Decatur Wastewater Treatment Plant MBR Expansion (AR)


Decatur is a small city in Northwest Arkansas whose wastewater treatment plant is responsible for treating wastewater from the neighboring city of Centerton, AR, and from the local Simmons Foods Processing Plant. In 2014 the city of Centerton began experiencing an unexpected growth spurt, almost doubling its size, forcing the City of Decatur to research wastewater treatment plant expansion options to accommodate the population growth.

Most of the research pointed to adding infrastructure to the existing SBR plant to increase capacity, which would be a large, expensive undertaking. However, there was one somewhat unconventional idea that would allow the plant to more than double their current capacity while adding very little infrastructure and for less cost overall. Together with the design-build team, the City of Decatur weighed their options and chose to rise to the challenge of becoming the first wastewater treatment facility in Arkansas to convert to a membrane bioreactor (MBR) plant.


The City chose the progressive design-build delivery method because they wanted to maximize team collaboration and come up with the most innovative solution for their plant in the least amount of time. They conducted a single-step selection process with a request for qualifications (RFQ) and interview resulting in a qualifications-based selection (QBS) that included Crossland Heavy Contractors. The design-build team evaluated four different treatment options and weighed the pros and cons of each with the City. Ultimately, they chose to retrofit the existing sequenced batch reactor plant with an MBR. This option was budget-friendly and promised minor infrastructure work, but it would come with the challenge of keeping the existing plant operational during the entire construction process.

The design-build team’s services for this project included the following:

  • Obtaining all construction related permits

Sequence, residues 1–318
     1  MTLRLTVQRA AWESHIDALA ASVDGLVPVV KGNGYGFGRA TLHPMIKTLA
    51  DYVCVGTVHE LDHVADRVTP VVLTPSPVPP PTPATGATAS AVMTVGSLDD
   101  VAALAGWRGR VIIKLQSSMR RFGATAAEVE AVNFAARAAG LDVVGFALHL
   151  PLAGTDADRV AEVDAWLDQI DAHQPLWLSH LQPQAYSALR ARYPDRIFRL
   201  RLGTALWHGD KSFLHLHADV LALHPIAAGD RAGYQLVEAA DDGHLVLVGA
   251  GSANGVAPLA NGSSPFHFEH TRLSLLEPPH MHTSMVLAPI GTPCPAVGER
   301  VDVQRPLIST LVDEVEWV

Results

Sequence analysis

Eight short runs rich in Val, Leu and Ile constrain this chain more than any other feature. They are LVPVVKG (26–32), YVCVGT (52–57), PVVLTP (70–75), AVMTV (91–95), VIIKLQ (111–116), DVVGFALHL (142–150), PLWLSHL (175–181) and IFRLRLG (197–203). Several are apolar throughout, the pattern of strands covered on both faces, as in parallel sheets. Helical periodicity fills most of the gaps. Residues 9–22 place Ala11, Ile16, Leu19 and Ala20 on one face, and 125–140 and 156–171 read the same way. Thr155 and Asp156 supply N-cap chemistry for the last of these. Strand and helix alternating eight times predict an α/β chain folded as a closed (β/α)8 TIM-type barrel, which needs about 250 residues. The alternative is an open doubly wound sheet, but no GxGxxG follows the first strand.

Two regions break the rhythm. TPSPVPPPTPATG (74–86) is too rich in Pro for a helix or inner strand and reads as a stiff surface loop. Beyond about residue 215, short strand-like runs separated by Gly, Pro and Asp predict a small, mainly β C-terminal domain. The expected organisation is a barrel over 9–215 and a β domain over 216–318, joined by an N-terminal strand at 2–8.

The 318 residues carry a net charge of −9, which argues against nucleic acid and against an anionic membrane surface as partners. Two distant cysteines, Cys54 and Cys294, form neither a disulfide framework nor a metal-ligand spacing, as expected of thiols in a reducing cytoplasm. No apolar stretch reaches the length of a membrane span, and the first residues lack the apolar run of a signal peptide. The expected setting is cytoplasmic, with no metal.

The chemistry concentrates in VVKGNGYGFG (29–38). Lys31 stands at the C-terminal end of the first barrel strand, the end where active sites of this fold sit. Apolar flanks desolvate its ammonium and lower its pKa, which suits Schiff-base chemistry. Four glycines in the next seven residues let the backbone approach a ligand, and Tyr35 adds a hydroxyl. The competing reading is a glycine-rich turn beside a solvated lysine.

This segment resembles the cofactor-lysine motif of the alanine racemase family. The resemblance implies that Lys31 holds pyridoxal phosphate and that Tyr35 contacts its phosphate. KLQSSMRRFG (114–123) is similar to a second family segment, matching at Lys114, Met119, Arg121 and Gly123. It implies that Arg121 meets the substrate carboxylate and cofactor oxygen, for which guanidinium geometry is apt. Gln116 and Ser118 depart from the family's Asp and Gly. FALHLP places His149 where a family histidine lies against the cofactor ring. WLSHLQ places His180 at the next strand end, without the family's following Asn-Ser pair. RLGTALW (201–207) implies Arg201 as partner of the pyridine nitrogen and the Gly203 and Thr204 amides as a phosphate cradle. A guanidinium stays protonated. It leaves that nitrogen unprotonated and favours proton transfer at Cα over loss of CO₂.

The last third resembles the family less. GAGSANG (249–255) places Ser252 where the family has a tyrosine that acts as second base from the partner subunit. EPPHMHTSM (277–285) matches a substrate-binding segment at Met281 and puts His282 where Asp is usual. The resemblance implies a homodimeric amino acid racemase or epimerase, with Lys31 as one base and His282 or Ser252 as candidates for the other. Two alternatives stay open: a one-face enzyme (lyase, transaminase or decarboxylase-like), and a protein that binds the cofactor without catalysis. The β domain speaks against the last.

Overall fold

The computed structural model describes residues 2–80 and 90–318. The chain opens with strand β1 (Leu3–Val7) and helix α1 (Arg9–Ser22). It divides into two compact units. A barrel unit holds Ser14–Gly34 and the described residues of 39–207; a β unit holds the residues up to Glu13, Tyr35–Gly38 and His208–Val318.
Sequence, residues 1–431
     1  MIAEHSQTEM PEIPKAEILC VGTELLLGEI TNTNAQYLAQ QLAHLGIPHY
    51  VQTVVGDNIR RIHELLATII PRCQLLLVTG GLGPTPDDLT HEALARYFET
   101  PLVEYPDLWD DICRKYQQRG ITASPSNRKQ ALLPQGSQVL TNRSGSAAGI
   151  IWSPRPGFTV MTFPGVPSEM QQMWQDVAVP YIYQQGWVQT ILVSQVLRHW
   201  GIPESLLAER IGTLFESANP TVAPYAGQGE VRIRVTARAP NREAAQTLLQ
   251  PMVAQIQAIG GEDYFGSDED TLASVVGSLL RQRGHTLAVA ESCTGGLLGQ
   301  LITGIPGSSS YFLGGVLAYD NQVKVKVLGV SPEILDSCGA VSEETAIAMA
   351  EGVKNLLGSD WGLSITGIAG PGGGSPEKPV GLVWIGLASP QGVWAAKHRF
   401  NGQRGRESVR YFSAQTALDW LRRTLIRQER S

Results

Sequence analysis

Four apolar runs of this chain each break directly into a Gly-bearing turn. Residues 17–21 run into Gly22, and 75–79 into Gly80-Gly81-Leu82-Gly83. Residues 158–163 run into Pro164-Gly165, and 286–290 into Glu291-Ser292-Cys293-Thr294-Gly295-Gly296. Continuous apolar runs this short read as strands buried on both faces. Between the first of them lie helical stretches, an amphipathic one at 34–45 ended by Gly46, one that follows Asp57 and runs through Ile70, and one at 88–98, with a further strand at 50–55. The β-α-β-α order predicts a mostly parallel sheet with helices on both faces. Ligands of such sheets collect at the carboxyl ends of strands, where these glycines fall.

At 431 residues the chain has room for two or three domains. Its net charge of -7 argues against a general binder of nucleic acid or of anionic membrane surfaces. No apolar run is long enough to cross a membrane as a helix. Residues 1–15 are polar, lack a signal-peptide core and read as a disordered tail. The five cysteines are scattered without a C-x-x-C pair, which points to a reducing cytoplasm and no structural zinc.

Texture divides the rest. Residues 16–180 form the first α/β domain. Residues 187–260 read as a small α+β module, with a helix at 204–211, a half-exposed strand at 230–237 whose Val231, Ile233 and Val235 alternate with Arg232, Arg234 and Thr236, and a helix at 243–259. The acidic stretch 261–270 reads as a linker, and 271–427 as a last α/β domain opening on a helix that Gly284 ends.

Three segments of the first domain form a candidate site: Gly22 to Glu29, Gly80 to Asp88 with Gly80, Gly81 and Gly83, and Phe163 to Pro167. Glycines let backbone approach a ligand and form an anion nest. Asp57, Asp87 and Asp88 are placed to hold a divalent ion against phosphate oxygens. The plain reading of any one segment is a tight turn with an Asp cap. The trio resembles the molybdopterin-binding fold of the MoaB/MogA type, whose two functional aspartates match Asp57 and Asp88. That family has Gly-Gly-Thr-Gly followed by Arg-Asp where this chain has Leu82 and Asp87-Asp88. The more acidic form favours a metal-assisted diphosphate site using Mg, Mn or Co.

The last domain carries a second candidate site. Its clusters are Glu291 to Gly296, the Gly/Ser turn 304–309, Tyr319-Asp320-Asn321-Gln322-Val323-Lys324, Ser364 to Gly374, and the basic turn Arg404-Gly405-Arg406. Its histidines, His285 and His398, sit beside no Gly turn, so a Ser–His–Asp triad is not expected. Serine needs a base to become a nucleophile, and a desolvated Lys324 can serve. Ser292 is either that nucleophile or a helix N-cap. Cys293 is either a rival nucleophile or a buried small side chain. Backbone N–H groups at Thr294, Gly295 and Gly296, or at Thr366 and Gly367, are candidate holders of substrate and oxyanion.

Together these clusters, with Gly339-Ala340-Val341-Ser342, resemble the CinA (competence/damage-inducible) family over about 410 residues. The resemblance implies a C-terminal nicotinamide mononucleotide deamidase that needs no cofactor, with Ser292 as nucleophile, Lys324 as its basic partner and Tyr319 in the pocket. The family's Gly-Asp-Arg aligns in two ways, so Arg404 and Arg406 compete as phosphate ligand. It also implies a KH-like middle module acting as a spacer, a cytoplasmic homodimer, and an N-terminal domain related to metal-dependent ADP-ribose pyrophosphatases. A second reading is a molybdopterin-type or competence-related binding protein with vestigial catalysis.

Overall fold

• All treatment plant design and construction
  • Equipment installation and startup
  • Electrical and instrumentation systems integration with the city’s existing equipment
  • Compliance with all environmental quality requirements
  • Finalizing operational plan and providing all associated operation manuals
  • Providing operation and maintenance training to city staff
  • Completing all required equipment and facilities acceptance testing and warranties

Following completion of construction and successful startup, the City of Decatur began operating and maintaining their facilities while producing effluent quality that was well within the limits set by their governing agencies.


The final design of the MBR retrofit included an influent pump station, existing wet-well expansion, process piping, electrical building, and equipment for fine screening, sludge dewatering, ultraviolet disinfection, aeration, chemical injection, and biological treatment. From design inception through construction, the project lasted 24 months, but there were many obstacles to pass along the way. The design-build team functioned as a fluid partnership and was able to solve issues quickly when they arose. The team was also able to provide cost-saving and constructability ideas throughout the entirety of the project, which gave the city a better end product. These innovative approaches included placement of MBR tanks on top of the existing SBR equalization structure, allowing for siphoning of permeate water, reducing energy consumption and minimizing plant shutdowns, incorporation of VFDs on existing equipment, implementing SCADA in order to automate the new to existing plant, and conducting clean water testing before the train shutdown to make the startup more efficient.

The successful completion of the project in April 2019 made the Decatur Wastewater Treatment Plant the first MBR plant in the state of Arkansas, and it also became the first progressive design-build project in the state. The project now enables the City of Decatur to be in compliance with the ADEQ, with the ability to treat up to 4.6 mgd (a 109% increase from the initial capacity) for roughly $4.08/gallon of treatment capacity.

Other WCDA member firm involved: Ferguson Waterworks (supplier of pipes, fittings, and valves)